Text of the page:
Although readily available with a low price, the commercially available cells do not serve as an optimal performance solution. For instance, a typical AA-size lithium-iron disulfide product (LiFeS2) has an energy density of 297 Wh/kg compared to traditional AA alkaline manganese dioxide at 143 Wh/kg1. However, the equivalent AA-size lithium-thionyl chloride LS14500 cell from Saft (www.saftbatteries.com) has an energy density exceeding 550 Wh/kg, which is nearly twice the LiFeS2 and four times the alkaline manganese dioxide. This improved energy density with increased operating voltage per cell can result in a smaller battery or significantly increased energy in the same footprint.

Options in Primary Lithium
There are multiple primary lithium chemistries in a range of sizes and constructions available today with high operating voltages and ranges of performances. Three common chemistries provided by Saft are lithium-sulfur dioxide (Li-SO2), lithium-manganese dioxide (Li-MnO2), and the previously mentioned lithium-thionyl chloride (Li-SOCl2). To make the optimal selection, the basic characteristics of the cell construction and chemistries should be considered.

Cell Construction
The ability of a battery to deliver energy or power is related to the cell construction. Two common cylindrical cell constructions are bobbin and spiral wound. Bobbin cells are designed with the highest amount of active material or lithium per volume. Achieving this high amount of lithium metal is key for energy but comes at a penalty to power capability due to the low surface area between cathode and anode. Spiral wound cells, on the other hand, have a high surface area between cathode and anode but also require additional non active material, like the separator that reduces the effective volume available for the lithium metal reducing capacity. In addition to the two-cell constructions, hybrid systems are available, combining the high energy density bobbin construction with a capacitor for power capability.

Chemistry Comparison
Li-SOCl2 (Liquid cathode)
This option is ideal for long-term applications that require a life of five to more than 20 years. With unrivaled nominal capacities, they offer very low self-discharge for extended operating life at 3.6 V with the ability to operate in extreme low and high temperatures.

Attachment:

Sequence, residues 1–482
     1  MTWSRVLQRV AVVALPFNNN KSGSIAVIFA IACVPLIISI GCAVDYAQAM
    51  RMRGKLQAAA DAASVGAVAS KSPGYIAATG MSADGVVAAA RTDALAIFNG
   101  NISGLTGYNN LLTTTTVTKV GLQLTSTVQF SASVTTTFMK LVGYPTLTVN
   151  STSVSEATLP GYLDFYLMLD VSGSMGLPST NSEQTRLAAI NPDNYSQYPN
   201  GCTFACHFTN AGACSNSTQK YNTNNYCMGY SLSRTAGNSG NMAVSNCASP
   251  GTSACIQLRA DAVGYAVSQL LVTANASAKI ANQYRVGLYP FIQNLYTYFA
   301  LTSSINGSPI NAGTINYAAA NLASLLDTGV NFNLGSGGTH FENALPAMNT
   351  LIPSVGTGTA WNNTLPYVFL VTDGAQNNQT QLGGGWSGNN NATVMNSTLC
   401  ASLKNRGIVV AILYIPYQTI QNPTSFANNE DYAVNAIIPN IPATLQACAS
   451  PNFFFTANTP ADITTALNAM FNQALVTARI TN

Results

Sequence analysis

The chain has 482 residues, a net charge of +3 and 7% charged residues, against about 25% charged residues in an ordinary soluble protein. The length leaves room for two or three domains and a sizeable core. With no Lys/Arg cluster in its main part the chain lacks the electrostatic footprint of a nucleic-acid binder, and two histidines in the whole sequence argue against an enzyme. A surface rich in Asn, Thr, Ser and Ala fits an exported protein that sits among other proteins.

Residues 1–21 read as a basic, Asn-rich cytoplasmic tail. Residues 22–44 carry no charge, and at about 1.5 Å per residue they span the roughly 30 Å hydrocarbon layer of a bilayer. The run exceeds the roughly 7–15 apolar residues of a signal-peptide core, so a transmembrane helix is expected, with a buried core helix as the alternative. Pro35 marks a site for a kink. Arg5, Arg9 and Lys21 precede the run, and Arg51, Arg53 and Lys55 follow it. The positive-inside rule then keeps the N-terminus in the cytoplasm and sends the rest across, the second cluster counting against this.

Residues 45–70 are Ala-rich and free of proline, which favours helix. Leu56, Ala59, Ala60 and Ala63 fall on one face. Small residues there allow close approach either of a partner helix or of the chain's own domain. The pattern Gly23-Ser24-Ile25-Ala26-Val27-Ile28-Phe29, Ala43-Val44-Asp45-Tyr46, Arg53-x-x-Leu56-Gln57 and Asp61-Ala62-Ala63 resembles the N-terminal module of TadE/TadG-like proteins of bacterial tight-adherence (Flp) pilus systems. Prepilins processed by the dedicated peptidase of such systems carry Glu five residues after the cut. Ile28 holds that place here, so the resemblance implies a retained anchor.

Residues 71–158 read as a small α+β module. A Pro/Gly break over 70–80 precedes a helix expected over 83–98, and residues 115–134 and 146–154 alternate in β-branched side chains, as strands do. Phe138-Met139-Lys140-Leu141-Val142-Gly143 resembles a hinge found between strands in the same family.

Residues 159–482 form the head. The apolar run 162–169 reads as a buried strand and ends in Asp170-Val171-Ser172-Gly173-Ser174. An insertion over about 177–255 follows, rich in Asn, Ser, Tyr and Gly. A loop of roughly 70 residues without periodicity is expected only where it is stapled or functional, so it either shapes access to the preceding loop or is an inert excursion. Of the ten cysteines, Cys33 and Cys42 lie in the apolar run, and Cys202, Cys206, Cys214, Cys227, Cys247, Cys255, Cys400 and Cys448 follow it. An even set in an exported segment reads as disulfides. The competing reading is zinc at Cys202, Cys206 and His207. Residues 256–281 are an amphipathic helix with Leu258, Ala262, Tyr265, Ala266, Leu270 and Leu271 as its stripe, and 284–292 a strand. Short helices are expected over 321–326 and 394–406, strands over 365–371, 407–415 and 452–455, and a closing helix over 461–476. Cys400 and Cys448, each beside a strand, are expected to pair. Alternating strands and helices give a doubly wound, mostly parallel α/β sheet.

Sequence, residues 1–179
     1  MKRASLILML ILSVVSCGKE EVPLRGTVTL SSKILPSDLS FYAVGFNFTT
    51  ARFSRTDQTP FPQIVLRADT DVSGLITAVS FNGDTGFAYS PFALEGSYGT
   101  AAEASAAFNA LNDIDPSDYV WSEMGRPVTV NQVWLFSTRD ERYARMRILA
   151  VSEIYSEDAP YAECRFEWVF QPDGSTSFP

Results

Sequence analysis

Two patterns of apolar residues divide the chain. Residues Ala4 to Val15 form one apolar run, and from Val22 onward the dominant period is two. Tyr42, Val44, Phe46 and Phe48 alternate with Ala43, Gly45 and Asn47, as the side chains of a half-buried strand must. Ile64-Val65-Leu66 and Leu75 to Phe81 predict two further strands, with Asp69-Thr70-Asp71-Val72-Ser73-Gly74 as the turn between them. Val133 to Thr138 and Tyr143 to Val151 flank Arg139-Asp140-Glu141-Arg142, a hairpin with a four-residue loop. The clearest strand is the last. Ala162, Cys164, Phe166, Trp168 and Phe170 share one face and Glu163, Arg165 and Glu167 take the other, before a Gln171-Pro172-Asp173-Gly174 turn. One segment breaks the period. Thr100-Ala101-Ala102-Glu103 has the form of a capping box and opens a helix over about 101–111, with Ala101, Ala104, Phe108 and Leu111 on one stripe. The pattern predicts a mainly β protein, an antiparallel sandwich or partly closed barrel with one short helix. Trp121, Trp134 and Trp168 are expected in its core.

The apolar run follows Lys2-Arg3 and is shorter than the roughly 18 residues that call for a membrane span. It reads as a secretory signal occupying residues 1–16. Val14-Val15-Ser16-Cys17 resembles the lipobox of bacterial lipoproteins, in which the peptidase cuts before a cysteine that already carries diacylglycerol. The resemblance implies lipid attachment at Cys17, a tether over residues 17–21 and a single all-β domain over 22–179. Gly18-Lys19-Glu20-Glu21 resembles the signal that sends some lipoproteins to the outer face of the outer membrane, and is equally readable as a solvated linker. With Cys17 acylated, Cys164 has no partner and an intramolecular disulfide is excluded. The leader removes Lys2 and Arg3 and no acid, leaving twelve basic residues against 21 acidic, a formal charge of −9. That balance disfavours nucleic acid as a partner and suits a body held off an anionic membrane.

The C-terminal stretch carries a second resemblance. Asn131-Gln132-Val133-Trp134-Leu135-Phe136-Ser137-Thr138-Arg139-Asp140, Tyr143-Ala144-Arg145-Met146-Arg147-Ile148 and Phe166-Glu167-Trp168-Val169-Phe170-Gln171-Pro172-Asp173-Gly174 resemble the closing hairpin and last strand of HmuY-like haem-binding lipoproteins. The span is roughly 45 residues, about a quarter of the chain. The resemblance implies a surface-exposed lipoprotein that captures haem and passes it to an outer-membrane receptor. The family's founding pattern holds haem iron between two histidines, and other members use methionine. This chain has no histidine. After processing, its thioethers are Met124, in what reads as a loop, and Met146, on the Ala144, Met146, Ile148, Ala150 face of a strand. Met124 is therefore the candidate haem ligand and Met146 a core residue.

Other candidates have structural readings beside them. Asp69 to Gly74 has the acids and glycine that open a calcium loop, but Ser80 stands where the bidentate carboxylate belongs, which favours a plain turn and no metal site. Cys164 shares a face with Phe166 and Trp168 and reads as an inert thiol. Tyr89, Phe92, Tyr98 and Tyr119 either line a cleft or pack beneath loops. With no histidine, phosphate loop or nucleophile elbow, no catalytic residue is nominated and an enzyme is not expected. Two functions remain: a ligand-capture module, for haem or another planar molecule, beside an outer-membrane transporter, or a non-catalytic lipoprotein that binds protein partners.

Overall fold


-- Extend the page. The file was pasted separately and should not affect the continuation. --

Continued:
• Bobbin or spiral construction
  • Wide operating temperature: -60°C/85, 150°C for specialty products
  • Unrivalled nominal capacities
  • Self-discharge <1% per year

Li-SO2 (Liquid cathode)
This design provides 3.0 V with superior pulse capacity, as high as 60 A in some cell constructions, and power at cold temperatures, as low as -40°C. Typical cells are spiral construction with continuous current capabilities in the 0.1 to 5.0 A range.

  • Spiral construction
  • Operating temperature: -60°C/70°C
  • Excellent capacity above 1A
  • Superior pulse capability
  • Superior power at -40°C

Li-MnO2 (lithium-manganese dioxide)
This cell range operates at 3.0 V with minimum voltage delay and high capacity even at high discharge rates. It offers excellent resistance to passivation even after long-term storage in uncontrolled temperatures. Intrinsically safe cells for ATEX applications are also available.

  • Spiral construction
  • Operating temperature -40°C/70°C
  • Non-corrosive electrolyte
  • Good pulse capability
  • Excellent voltage start-up after long-term storage
  • Good capacity at high current and low temperature

Comparison of lithium technologiesConclusion
As technology and requirements rapidly evolve within the medical world, practical devices that offer compact design and optimal performance can be a matter of life and death. Lithium batteries provide the highest density energy of the solutions available, and offer the scalability necessary for design applications. As with any solution, the design concept must consider the whole picture. The good news is that companies like Saft are answering the call and driving research to meet the needs of every setting.

1 Lithium Iron Disulfide Handbook and Application Manual (Version Li4.01)